North Carolina School’s Redesign to Highlight Tech, Personalized Learning

As the model is fleshed out over the next few months, administrators say they will try to avoid the problems that plagued support for the small-school model for the past decade.

by T. Keung Hui, The News & Observer / December 15, 2015

(TNS) — North Carolina's East Wake High School is expected to make the transition from being four small schools to a single school using a new academic model focused on technology and personalizing the way students are taught.

Wake County school administrators on Monday presented ideas for redesigning East Wake High, such as potentially offering an early college program where students would have extra access to take college courses and/or a focus on science, technology, engineering, arts and math. Other ideas being considered include offering flexible hours for taking classes and providing a mix of online and in-person courses for students at the Wendell school.

As the model is fleshed out over the next few months, administrators say they will try to avoid the problems that plagued support for the small-school model for the past decade.

“With the original East Wake small academies, there was some concern from the faculty and the staff that they didn’t have input into the small academies,” Ed McFarland, Wake’s Eastern Area Superintendent, told school board members. “They were told this is what you’re going to do and then they were expected to do that.

“We’ve been taking a really concerted effort to make sure there’s lots of transparency back and forth with the faculty.”

From 2005 to this past school year, East Wake operated as four separate schools with the themes of health science; arts, education and global studies; engineering systems; and integrated technology. The model was part of a education-reform effort championed previously by Microsoft co-founder Bill Gates.

But the model was dropped after school administrators performed an analysis that indicated that test scores were worse than they would have been if East Wake hadn’t been split up.

Over the past several months, a team has been working on the new design to put into place starting in the 2016-17 school year.

McFarland said that no matter what design is used, there will be a focus on personalizing instruction to recognize how students now learn. He said this new focus includes daily use of technology with instruction focused on having students learning by doing things, also known as project-based learning.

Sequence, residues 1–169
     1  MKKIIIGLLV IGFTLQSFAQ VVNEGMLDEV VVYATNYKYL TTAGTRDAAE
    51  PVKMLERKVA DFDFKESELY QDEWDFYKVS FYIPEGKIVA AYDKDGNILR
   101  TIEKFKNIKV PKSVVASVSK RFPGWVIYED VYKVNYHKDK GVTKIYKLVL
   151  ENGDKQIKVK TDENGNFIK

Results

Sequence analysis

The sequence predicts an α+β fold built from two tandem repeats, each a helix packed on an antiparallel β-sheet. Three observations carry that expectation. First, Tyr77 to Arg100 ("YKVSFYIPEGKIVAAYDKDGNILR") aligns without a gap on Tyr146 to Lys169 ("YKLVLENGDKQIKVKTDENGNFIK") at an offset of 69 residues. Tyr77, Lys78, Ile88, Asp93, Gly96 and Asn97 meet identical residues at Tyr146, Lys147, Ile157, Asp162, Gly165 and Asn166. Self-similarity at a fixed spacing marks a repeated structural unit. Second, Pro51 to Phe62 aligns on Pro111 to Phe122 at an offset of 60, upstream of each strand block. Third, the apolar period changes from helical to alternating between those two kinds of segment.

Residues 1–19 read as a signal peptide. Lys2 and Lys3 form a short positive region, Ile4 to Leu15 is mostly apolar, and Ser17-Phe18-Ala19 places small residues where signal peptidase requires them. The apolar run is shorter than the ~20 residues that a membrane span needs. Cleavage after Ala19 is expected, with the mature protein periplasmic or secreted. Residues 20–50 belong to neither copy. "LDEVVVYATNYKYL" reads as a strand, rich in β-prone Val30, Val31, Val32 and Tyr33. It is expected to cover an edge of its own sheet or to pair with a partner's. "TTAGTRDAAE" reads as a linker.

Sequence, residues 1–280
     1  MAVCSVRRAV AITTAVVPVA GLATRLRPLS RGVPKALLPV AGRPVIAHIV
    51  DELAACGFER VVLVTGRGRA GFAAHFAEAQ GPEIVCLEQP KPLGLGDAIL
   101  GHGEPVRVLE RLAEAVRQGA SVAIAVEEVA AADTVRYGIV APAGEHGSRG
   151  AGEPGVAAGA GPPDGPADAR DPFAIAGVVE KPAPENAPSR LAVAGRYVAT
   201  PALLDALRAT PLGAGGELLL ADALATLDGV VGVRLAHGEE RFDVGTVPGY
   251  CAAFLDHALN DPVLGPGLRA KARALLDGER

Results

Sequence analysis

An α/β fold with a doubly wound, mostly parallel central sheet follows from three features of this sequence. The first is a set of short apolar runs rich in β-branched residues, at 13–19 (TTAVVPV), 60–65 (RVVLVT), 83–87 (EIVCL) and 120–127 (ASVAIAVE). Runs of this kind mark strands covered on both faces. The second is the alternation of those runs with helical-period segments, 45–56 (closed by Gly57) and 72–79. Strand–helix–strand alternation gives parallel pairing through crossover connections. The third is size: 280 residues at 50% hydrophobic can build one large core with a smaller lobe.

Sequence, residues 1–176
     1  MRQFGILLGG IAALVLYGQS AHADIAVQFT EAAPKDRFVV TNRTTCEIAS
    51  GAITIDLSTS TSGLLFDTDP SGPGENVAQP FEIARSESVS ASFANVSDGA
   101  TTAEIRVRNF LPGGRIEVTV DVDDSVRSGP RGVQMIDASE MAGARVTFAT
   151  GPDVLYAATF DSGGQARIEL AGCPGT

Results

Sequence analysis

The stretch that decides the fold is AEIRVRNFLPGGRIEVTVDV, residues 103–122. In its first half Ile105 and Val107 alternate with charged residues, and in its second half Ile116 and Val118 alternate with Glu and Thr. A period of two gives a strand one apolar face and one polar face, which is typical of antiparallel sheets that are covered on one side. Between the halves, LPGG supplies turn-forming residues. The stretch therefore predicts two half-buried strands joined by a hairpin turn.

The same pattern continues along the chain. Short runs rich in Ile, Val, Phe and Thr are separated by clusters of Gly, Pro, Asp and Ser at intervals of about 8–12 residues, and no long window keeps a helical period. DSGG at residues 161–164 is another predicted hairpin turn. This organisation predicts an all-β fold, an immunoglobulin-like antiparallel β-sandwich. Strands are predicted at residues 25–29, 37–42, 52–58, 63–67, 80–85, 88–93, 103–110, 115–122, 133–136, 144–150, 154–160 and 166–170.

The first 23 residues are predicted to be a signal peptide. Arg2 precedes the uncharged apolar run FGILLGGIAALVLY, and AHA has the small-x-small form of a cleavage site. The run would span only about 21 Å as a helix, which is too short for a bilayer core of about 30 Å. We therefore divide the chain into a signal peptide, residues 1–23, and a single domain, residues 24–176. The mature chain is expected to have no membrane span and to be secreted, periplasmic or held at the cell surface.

“When kids walk in in August, they need to be hit in the face with ‘something is different about this’ and ‘I can’t wait to come back the next day,’ ” McFarland said.

McFarland and East Wake High Principal Stacey Alston said they also want to structure the school day differently. Ideas include extending the hours when classes can be taken, including potentially at night.

“We know that some students have unforeseen challenges, so coming during the school day isn’t right for them,” Alston said.

As part of the redesign, the staff at East Wake High will have to reapply if they want to continue working there next school year. Those who don’t want to stay will be able to transfer to other schools.

A similar process occurred this year when Knightdale High School’s staff had to reapply when the campus was redesigned to have a leadership institute for freshmen and four specialized institutes for sophomores, juniors and seniors.

On Monday, Knightdale High staff told the school board that the redesign has been successful so far. East Wake High plans to emulate Knightdale’s efforts to build closer relationships with students. For instance, Knightdale High teachers are now expected to stand at the classroom door and shake the hands of all their students as they enter.

“You have to have those significant relationships throughout the building in order for students to learn,” Knightdale High Principal Jim Argent said. “It doesn’t matter how strong your pedagogy is, how strong, how creative you are.

“If that student does not believe they are safe, loved and nurtured in the classroom and throughout the school environment, they’re not going to perform.”

©2015 The News & Observer (Raleigh, N.C.), Distributed by Tribune Content Agency, LLC.

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